Top 100 Movie Review: #16 – All About Eve (1950)

Just Not Enough.

There is some to like, but I never would want to watch it again. 

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American Film Institute’s Ranking: #16/100
Awards: Nominated for 14 winning 6 including Best Picture, Director and Supporting Actor.
My Rating: Star.jpgStar.jpg

On a recent podcast on The Knowledge Project, Thomas Tull mentioned something that is very true: we no longer rewatch movies. Since there are so many entertainment options on-demand, it’s no longer like the VHS/DVD years where we memorized every line from our favorite cinema (I easily know the entire script for Muppet Treasure Island). 

So with that as my backdrop, I watched All About Eve. Sure, it’s a witty movie and does a couple cool things. But, would I ever rewatch it?

No.  This movie just doesn’t do enough to warrant another peak.  Sunset Boulevard, forever compared to All About Eve due to being released the same year with similar themes, is a much more complete film. That plot is intriguing, and there is no way to know exactly how it will resolve itself.

All About Eve is the opposite — we see what’s happening from a mile away. The dialogue is superb, even laugh-out-loud funny, but without any suspense it comes across more campy than it already does. One can only live through so many theater references before it becomes cringe.

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On the left, Eve (Ann Baxter), on the Right, Margo (Bette Davis).

[OVERVIEW]

The movie starts with the end. They are at an award ceremony for the best talents in theater. The narrator, film critic Addison DeWitt (George Sanders), explains the lay of the land. One by one, he lists the most important characters with all their faults and disappointments. He finally gets to Eve (Ann Baxter), the recipient of the best actress on broadway. She was a complete no name just recently before. How did she rise so quickly to fame?

The rest of the movie is a deconstruction of past events from all the major players involved, beginning with Eve just as an adoring fan of her idol Margo Channing (Bette Davis).

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[ANALYSIS]

I get why this movie is adored. Each character plays their part to a T, and even though I knew what was going to happen, I still wanted to spend time with everyone. This is mostly because of the pretty sweet dialogue. Thelma Ritter, wonderful as always, has some of the best one liners through her character Birdie:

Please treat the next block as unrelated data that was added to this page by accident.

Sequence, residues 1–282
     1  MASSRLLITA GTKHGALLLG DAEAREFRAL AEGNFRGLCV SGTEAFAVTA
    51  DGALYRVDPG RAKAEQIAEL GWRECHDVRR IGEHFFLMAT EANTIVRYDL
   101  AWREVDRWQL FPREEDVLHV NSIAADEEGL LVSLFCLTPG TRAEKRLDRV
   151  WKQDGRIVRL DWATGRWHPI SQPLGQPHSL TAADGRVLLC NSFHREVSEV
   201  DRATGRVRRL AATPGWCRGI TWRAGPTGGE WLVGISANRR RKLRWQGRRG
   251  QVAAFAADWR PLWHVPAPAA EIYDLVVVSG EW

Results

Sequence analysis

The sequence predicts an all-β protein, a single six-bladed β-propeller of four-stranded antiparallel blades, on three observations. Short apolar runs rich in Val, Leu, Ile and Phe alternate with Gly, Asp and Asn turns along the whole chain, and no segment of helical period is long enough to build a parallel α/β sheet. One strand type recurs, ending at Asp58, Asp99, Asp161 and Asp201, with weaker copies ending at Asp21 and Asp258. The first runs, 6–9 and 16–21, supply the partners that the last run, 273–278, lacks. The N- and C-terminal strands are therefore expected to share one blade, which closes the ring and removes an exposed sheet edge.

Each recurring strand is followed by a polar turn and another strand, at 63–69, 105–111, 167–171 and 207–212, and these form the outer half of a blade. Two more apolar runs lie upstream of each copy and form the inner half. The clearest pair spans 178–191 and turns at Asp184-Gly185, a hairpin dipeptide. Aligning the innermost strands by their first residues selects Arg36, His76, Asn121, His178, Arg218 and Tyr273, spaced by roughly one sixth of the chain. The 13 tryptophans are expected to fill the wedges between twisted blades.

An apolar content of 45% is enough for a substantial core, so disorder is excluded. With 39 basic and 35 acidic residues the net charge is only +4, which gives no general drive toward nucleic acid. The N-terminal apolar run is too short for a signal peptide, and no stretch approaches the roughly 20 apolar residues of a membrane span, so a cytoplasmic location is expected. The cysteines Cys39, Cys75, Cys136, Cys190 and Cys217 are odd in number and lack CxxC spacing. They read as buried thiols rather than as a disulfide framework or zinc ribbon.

Margo Channing: You bought the new girdles a size smaller, I can feel it.
Birdie Coonan: Something maybe grew a size larger.
Margo Channing: When we get home you’re going to get into one of these girdles and *act* for two and a half hours.
Birdie Coonan: I couldn’t get into *the girdle* in two and a half hours.

The rest of the cast are self-centered and histrionic — exactly what you’d expect from a bunch of theater folks. The only problem: I avoid theater people. Ever since seeing them in action at VCU, I’ve always tried to keep my self a restraining-order distance from people who pretend they are ALWAYS on stage.

Some of the dialogue is virtue-signaling how refined they are, so expect plenty of references to Lord Byron, Shakespeare, and other playwrights/poets/authors. It often comes across as pretentious instead of campy.

Lloyd Richards: The atmosphere is very MacBeth-ish… what has, or is about to, happen?

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The major problem I have with the film is the plot and ultimately hackneyed conclusion. Very early one, we realize that Eve is not so innocent; she created a fake back story to meet Margo and insert herself into theater life. Slowly, she creeps into the upper crust using conniving methods. All of its foreshadowed. None of it mysterious.

Thus, we are just a bystander waiting for the bridge to collapse. We have a few questions (Will Margo succeed in the power struggle or be lost to the bone-crushing machine of theater? Will Eve be successful in her subterfuge or will she get her comeuppance?), but most of it’s out in the open. The one mystery was the resolution, and it was awful.

Attempting to come full circle, Eve finds an adoring fan in her hotel room after winning the award. She’s a young girl sweet talking the biggest lady in broadway doing exactly what Eve did to Margo. Meant to be some revelation, it was more of a cop-out. That kind of ending takes ZERO thought. A storyline that was already predictable, weak, and thin became a Chinese lantern in a hurricane.

Eve, a plotting and cynical conspirator, easily taken in by her own tricks? It’s just not credible.

[CONCLUSION]

I get why some like it, but I really don’t.

Other People’s Conclusions:

  • 18 Cinema Lane: “Because of how predictable this plot twist was, it took away the mystery and surprise that could have been incorporated into the story. What I got instead was a story element that I was aware of all along.”
  • Vita Phone Dreamer: “I have a pretty long list of favorite movies. I’m easily entertained, so it’s tough for me to narrow down my absolute favorites, but this movie falls somewhere near the very top.”
  • DReager1: “I’d definitely recommend checking it out and seeing what you think. The ending certainly gives you a lot of room to think up your own aftermath.”

 

Author: Casual But Smart

I review the top 100 books, movies, albums, and games of all time.

4 thoughts on “Top 100 Movie Review: #16 – All About Eve (1950)”

  1. I definitely agree about the ending being unrealistic. No way Eve would be duped so easily even if that’s what the film wants us to believe. I expect she ended up turning the tables off screen and since the film ends right there I may as well have my head-canon ending.

    Liked by 1 person

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